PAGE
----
THE PANDEMIC LIFE OF PETS
‘Until one has learned to love an animal, a part of one’s soul remains unawakened’ – (French poet, journalist and novelist; Anatole France, 1844 – 1924)
Most veterinarians agree with Anatole. Spending time with animals is a good way to spend time. Pets can reduce stress and anxiety, help reduce blood pressure, promote heart health (…walkies!), ‘sniff out’ medical conditions (…possibly of great use during a pandemic) and provide affection and comfort. In our modern society, domesticated animals have found a home with us. More often than not, they have become a much-loved family member and pets clearly mean the world to their owners.
The coronavirus pandemic and subsequent government-imposed lockdown measures have led to most people spending significantly more time in isolation at home. This unprecedented global event, while challenging for many, has provided an opportunity for pet owners to enjoy more time with their beloved four-legged friends. While staying at home, working remotely and caring for their pets, many animal-lovers have reportedly seen differences in their pets’ behaviour.
Quality quarantine time?
Could this be linked to the extraordinary times we find ourselves in or the fact that many people are, for the first time, quarantined with their pets? Animals can react differently when schedules change, for example, when they see their owners more often. While some pets are reportedly happier, they can often be distant towards their owners and act out of character while they adjust to changes in their normal routine.
Home sweet home
Seeing more of us is unusual for our pets. While many owners report their pets are spending more time alone, it is worth remembering that we have interrupted their day, not the other way around and just perhaps, they need some alone time too! Reserve a space for your furry friend in which they can enjoy some quality time alone. They may simply need a safe space in which to retreat from social interactions.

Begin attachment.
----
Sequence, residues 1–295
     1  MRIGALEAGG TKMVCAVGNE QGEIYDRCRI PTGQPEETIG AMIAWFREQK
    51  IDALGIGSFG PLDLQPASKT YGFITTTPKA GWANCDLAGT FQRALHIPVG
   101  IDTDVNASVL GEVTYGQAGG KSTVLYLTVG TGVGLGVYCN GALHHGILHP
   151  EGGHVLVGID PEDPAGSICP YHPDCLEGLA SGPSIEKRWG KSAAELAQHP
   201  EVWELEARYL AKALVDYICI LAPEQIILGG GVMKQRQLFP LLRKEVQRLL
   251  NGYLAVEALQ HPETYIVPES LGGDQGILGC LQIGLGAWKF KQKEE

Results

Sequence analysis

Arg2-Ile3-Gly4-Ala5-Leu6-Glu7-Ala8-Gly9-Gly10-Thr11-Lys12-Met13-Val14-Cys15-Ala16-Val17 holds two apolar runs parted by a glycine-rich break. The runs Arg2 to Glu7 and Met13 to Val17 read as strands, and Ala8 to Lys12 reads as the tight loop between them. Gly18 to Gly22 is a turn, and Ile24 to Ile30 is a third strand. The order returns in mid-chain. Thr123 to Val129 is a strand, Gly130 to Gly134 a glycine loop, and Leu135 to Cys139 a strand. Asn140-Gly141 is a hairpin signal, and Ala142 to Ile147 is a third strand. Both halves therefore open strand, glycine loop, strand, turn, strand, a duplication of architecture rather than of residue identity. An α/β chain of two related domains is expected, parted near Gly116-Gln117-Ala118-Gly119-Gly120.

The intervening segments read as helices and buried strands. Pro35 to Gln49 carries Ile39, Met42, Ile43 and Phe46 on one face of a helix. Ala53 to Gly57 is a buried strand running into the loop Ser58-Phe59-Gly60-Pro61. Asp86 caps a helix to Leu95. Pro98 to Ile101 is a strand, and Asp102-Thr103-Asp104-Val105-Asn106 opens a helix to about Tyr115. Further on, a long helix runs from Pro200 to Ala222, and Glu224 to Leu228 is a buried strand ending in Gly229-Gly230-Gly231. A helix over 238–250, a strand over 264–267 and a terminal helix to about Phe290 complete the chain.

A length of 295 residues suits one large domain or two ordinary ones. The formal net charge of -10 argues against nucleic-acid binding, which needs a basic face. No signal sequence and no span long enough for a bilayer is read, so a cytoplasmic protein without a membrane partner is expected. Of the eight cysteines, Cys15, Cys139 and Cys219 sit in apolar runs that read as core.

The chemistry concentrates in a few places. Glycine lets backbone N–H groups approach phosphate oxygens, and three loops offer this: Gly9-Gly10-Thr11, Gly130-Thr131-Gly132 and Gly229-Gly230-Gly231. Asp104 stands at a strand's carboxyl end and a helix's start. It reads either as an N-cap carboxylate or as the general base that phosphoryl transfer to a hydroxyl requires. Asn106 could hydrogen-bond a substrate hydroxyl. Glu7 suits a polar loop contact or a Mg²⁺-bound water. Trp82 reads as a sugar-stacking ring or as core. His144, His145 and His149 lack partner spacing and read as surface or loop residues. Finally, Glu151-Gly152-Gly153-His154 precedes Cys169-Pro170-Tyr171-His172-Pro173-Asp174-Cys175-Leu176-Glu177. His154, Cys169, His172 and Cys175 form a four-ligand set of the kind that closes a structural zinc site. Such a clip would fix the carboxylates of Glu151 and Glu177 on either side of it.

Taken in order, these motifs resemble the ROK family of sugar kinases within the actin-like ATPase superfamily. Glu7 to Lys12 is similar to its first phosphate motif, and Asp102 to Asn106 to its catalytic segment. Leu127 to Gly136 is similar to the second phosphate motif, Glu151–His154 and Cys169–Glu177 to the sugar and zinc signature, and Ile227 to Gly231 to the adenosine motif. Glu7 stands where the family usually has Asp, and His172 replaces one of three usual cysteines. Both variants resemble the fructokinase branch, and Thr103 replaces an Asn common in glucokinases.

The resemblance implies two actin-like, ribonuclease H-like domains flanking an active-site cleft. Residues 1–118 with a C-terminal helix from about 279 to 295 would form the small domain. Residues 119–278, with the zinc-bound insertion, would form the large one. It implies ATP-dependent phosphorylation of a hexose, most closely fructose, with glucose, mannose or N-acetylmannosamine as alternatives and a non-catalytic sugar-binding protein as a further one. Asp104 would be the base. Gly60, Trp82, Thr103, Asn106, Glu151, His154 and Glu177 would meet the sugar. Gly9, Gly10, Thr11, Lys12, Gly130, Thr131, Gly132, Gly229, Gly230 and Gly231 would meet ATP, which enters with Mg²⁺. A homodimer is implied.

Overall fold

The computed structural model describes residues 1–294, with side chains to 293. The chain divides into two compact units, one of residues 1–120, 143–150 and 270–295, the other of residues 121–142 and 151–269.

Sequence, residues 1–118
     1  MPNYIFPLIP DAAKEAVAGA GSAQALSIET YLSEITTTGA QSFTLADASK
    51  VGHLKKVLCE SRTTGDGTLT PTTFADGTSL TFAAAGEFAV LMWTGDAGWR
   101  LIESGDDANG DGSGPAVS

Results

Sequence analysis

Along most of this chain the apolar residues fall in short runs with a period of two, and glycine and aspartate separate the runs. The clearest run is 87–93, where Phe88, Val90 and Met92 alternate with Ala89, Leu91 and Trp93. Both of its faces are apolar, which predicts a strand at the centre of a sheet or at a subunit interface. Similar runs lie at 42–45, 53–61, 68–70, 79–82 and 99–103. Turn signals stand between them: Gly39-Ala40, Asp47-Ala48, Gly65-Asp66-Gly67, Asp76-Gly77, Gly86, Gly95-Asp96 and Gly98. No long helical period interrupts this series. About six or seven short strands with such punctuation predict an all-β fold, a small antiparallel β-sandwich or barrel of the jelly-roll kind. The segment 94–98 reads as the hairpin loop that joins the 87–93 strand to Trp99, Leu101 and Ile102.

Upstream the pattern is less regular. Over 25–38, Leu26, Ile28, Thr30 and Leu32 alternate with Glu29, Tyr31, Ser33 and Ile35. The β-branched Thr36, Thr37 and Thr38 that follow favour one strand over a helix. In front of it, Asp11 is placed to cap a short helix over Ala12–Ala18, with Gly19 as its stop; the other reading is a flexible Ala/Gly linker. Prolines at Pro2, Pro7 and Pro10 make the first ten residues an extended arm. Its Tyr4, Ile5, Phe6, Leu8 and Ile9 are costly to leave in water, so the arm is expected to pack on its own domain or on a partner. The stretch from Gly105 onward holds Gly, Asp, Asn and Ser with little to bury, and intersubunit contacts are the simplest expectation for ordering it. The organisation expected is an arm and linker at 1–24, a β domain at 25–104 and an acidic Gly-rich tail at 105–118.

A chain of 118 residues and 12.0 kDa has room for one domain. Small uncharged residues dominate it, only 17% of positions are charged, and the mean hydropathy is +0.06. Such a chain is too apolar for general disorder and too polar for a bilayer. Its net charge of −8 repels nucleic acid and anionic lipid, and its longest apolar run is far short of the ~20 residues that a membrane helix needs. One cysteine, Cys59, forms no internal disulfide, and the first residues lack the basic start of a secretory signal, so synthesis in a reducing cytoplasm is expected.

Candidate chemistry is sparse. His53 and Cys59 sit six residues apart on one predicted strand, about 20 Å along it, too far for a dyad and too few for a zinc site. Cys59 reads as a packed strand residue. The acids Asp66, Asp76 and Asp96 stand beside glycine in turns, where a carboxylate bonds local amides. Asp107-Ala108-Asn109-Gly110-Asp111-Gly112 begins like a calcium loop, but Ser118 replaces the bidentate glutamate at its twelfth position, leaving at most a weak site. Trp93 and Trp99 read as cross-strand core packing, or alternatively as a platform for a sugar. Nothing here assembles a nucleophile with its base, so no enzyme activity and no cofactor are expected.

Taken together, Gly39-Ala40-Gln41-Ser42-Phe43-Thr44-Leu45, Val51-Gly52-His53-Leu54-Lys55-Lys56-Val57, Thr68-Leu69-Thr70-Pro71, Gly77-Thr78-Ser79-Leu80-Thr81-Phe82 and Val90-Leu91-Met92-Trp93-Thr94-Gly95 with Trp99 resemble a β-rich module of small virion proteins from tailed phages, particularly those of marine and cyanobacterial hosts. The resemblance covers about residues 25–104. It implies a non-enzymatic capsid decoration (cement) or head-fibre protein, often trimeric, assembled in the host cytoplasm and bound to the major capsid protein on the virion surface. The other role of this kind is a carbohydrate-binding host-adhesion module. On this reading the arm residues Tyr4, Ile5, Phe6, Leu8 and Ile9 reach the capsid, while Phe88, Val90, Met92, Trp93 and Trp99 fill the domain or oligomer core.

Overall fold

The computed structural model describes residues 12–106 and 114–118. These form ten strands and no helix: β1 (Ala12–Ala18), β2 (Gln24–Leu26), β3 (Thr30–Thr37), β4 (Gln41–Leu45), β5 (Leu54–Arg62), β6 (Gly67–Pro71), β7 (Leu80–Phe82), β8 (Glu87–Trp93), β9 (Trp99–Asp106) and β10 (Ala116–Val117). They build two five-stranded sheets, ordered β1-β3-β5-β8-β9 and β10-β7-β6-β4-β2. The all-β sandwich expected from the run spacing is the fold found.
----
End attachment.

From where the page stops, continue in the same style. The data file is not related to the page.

Establish a routine
Just like us, our pets benefit from having a routine. ‘Brain training’ and physical activities can be practiced in and out of the home. Be sure to keep your pet busy and entertained; they will love you for it!
Let down after lockdown
Lockdown and quarantine measures are easing up in many countries and eventually, things will inevitably return to normal. You have undoubtedly spent many precious moments with your beloved pet during lockdown. How well will you both handle being allowed back into the big wide world once your shared quarantine is lifted? Many pet owners are concerned that ‘separation anxiety’ may set in once they return to work and their pets wonder why they are alone again. However, there is no need to worry…
Remember, animals are used to a routine. Spend a few minutes away from your pet in order to prepare them for the end of lockdown when you return to your daily schedule. Go to a different part of the house then return a few minutes later. Increase the length of time you leave your pet alone and they will get used to the idea quickly.
A happy-pet mind-set…
Animals are highly-sensitive creatures. Your own happiness is a key factor in training and looking after an obedient and loving pet, especially during these challenging times. Relax and enjoy your time with one another, be playful and most importantly laugh and smile together.